Whenever we see an intense need for communications it is typically a sign that the system has been incorrectly partitioned.

From The Pleasure of Finding Things Out
Official management, on the other hand, claims to believe the probability of failure is a thousand times less. One reason for this may be an attempt to assure the government of NASA perfection and success in order to ensure the supply of funds. The other may be that they sincerely believe it to be true, indicating an almost incredible lack of communication between themselves and their working engineers.

From Management of the Absurd
It is only when the balance of power is relatively equal that truly candid communication can and should take place.

From eXtreme Programming explained
XP is a communal software development discipline.

From The Road Less Travelled and Beyond
Community has to do with communication.

From Situated learning - Legitimate peripheral participation
A learning curriculum is thus characteristic of a community.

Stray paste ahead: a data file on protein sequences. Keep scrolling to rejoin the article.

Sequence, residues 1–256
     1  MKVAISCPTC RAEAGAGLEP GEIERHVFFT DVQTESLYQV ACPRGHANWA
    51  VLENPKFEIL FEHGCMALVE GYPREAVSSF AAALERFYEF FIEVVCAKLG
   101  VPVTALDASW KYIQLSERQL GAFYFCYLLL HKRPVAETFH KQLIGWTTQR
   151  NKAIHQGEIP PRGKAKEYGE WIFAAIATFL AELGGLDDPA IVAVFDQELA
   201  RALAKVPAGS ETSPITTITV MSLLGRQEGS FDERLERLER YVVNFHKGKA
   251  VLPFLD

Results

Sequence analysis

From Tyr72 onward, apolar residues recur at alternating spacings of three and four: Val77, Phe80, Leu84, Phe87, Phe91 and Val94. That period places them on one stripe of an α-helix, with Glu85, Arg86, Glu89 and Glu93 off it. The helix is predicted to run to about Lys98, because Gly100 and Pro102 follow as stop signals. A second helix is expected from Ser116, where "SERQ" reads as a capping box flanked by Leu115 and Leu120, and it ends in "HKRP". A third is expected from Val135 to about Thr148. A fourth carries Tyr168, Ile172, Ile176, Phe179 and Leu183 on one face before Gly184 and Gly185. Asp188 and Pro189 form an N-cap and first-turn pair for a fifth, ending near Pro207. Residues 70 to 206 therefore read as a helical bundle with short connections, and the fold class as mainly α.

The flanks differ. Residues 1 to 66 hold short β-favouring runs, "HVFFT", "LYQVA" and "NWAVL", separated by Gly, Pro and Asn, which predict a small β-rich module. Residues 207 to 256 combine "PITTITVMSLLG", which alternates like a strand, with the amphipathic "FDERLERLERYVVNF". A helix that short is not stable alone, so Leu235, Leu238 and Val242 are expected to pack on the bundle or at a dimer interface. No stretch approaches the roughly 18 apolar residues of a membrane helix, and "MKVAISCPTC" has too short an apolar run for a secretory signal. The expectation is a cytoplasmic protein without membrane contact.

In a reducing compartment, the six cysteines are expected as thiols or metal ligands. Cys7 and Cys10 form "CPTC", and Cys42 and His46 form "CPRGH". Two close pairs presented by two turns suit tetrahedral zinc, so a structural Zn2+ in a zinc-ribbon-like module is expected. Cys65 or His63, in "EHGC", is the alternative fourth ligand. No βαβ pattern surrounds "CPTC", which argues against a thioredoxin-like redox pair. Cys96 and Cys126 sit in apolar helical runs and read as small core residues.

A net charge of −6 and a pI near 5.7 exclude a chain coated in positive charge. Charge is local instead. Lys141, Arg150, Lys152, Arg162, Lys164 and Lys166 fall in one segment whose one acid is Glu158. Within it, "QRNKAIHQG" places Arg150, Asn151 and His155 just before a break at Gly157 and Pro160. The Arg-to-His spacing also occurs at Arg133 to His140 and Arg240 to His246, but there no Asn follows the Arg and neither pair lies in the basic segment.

From Quality Software Management. Vol 1. Systems Thinking
The quickest and surest way to classify organisations into similar patterns is by the way people think and communicate.

From The Mind of War
Oral, not written, communication and conviction, not accuracy, still rule in military culture.

The tendency is for entropy to increase in a system that is closed or cannot communicate with the external systems or environments.

From The Starfish and the Spider
I taught them that communication is to be upward if it is to work at all.

From An Ecology of Mind
Without context, words and actions have no meaning at all. This is true of all communication.

From Quality Software Management. Vol 2. First-Order Measurement
Large projects always fail when their communication systems fail.

From The Psychology of Computer Programming
The greatest challenge, then, is not creative thinking, but creative communicating: representing our thoughts in a way that other persons - each with a unique style - can understand.

From how to use conscious purpose without wrecking everything
Once you get above that first level, the level of material things and forces, you are dealing with abstractions. In place of physical forces, you have communication—messages, signals. And in place of material things, you have relationships—which are abstractions.

From Wisdom of the idiots
Words alone do not communicate: there must be something prepared, of which the words are a hint.

feedback

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From An Ecology of Mind